After four months, Seigenthaler was finally able to get Wales to remove the offending piece from Wikipedia and from the other online ‘resources’ that simply copy from Wales’ pool of data, but not before it had been read by tens of thousands of people, who may or may not have repeated, copied or stored the nonsense.

I may not have looked hard enough at this, but I can find no support for that assertion in Seigenthaler’s original piece. He visited the site in late September, and doesn’t specifically say when the offensive remarks about him were removed. But he does say they had been up there for four months, which, given an initial publication date of May 26, I put at late September. In other words, it sounds as if pretty much immediately after Seigenthaler had complained to Jimmy Wales, the owner of Wikipedia, the remarks were removed. The OfficialWire piece is ambiguous, but a casual reader might well assume that Seigenthaler had been bugging a reluctant Wales for four months to pull the offensive text. Doesn’t sound like it was like that.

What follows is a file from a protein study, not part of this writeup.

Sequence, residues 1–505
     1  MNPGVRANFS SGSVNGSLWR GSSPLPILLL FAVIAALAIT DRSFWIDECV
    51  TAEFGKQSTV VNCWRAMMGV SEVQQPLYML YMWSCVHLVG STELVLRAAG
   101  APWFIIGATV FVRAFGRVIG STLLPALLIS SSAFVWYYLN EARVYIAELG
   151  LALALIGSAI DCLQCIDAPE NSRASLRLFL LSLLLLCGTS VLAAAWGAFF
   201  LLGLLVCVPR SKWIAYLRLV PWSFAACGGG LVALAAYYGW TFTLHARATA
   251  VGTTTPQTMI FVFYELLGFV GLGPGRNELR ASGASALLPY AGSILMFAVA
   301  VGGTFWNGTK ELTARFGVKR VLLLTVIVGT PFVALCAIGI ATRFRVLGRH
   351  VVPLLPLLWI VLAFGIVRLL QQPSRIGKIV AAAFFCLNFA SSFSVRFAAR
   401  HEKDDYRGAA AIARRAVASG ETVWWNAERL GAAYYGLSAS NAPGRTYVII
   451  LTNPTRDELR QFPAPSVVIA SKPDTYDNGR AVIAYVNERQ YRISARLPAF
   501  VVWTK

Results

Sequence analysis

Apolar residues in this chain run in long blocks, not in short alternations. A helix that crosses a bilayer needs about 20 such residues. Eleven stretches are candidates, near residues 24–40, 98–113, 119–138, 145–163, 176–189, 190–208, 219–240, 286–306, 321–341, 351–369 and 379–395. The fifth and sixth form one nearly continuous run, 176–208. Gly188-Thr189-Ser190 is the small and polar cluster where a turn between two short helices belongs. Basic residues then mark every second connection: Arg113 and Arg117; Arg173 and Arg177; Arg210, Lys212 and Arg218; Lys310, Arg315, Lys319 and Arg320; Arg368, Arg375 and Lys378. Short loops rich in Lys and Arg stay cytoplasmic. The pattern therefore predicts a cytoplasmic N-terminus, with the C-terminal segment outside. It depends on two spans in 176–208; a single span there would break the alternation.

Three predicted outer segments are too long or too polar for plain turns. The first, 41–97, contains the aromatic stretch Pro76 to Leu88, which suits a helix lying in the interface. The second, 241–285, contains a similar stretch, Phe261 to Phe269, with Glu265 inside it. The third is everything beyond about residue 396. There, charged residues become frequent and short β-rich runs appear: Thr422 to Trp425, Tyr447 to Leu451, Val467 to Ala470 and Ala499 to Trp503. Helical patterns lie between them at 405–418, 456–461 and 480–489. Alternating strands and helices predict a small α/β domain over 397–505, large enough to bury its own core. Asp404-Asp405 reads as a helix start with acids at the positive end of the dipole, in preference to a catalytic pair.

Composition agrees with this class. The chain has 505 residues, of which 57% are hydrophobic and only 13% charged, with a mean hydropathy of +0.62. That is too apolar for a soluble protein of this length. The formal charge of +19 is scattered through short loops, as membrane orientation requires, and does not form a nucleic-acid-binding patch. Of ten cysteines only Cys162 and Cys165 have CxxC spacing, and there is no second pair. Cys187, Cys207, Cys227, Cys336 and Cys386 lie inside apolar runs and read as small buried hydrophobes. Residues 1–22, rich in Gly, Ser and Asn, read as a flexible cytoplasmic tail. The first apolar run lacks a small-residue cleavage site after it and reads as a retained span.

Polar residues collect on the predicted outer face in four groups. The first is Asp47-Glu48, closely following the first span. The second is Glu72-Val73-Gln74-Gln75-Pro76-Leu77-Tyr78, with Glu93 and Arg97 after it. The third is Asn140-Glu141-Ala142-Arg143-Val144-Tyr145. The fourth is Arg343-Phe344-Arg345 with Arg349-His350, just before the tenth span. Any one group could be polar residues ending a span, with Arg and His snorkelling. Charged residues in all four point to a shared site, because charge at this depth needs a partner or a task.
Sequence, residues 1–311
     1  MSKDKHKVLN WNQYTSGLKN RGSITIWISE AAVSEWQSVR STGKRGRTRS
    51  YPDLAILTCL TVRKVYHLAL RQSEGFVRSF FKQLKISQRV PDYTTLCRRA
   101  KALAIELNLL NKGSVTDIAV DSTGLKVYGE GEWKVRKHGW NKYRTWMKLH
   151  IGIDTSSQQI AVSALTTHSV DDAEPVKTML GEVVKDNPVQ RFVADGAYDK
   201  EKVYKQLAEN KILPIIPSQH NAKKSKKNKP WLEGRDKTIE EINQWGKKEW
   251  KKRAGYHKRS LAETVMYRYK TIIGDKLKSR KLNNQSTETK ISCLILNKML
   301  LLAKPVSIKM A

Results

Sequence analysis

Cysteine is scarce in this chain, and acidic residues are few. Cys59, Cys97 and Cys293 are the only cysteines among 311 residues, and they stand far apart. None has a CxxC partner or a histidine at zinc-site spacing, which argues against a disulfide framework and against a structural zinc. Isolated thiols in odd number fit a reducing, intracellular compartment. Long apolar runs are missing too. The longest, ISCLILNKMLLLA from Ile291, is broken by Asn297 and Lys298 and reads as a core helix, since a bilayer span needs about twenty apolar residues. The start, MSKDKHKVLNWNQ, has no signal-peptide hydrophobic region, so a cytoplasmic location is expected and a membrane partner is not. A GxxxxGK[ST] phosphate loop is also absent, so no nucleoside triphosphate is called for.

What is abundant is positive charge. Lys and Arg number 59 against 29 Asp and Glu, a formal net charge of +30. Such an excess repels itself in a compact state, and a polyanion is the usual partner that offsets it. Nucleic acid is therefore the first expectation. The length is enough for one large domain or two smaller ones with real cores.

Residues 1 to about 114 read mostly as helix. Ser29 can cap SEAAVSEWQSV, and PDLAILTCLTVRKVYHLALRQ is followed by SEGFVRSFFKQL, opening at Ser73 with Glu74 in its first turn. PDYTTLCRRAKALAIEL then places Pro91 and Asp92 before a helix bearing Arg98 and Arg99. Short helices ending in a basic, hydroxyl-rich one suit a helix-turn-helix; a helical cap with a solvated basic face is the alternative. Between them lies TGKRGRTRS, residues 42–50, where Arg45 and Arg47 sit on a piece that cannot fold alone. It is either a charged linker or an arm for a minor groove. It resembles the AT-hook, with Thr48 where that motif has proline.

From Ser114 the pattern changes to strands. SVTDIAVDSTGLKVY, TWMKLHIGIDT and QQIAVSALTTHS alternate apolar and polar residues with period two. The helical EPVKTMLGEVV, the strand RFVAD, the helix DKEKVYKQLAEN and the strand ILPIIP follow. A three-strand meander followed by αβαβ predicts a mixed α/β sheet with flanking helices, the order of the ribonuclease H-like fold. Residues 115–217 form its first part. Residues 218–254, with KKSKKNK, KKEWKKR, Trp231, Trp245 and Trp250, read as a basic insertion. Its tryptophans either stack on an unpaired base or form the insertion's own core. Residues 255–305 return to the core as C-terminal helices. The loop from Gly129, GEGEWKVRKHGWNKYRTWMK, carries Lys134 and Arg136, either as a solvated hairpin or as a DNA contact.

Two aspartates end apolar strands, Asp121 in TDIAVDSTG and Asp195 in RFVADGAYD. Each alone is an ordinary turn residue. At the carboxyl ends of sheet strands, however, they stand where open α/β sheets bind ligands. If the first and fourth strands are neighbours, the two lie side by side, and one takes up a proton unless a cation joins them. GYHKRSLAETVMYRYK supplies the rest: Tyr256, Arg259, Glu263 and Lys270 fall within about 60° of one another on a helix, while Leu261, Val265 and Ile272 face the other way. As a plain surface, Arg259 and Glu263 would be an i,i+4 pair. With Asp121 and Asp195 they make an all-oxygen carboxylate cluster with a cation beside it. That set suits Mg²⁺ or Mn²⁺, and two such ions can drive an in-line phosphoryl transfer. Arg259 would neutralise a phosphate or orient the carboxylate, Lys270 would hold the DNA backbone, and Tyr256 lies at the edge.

So, a distorted and offensive entry on Wikipedia now spreads like a stain in the retelling. Is it just an innocent mistake? OfficialWire is run by someone called Greg Lloyd Smith, who wrote the December 4 piece. In it he links to another piece OfficialWire put out back in early January, written by one Jennifer Monroe, who writes about the activities of a Wikipedia volunteer, Christian Wirth, whom the piece alleges to have been trying to “sully the good work” of an organisation called QuakeAID. QuakeAID is an organisation with the same owner as OfficialWire. These two organisations, and other linked groups, have extensive entries on Wikipedia, none of the material particularly flattering (sentences such as ‘The following indicators raise questions about QuakeAID’s legitimacy and good faith’).